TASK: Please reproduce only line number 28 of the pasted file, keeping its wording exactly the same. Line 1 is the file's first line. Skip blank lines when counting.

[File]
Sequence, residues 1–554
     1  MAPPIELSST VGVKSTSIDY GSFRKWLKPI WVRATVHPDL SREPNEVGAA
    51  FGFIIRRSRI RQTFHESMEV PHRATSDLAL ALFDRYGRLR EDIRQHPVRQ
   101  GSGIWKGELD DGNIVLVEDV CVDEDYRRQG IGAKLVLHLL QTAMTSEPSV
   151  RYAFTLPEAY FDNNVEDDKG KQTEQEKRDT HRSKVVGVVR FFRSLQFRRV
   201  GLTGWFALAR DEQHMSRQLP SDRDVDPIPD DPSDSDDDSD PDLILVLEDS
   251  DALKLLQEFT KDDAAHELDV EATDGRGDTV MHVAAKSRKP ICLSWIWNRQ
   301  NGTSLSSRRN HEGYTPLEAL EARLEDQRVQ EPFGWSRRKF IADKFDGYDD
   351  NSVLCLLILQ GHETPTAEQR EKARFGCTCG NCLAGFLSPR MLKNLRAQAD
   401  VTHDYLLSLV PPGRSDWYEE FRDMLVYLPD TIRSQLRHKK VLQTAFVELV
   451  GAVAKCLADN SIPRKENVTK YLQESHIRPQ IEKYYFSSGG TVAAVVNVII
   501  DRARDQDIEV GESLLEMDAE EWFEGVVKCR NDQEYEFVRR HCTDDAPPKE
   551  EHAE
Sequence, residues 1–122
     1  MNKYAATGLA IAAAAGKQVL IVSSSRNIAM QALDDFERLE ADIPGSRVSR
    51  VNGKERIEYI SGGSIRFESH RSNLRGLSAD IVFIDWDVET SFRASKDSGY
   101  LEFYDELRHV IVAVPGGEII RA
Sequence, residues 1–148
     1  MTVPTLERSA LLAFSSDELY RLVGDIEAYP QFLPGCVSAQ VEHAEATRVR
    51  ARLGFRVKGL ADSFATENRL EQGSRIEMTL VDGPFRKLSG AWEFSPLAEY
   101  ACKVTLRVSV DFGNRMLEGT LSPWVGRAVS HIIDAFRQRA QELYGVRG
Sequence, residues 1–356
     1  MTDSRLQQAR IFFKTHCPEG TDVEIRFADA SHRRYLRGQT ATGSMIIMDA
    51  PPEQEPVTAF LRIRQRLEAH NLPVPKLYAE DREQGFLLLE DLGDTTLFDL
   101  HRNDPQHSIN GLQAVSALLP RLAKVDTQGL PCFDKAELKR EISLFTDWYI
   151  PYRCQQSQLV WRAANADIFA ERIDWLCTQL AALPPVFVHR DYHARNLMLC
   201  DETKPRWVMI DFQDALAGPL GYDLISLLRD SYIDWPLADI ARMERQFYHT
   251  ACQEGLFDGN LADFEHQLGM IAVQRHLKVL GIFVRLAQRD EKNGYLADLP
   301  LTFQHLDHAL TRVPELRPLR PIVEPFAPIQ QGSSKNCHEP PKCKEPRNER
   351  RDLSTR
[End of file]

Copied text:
   251  ACQEGLFDGN LADFEHQLGM IAVQRHLKVL GIFVRLAQRD EKNGYLADLP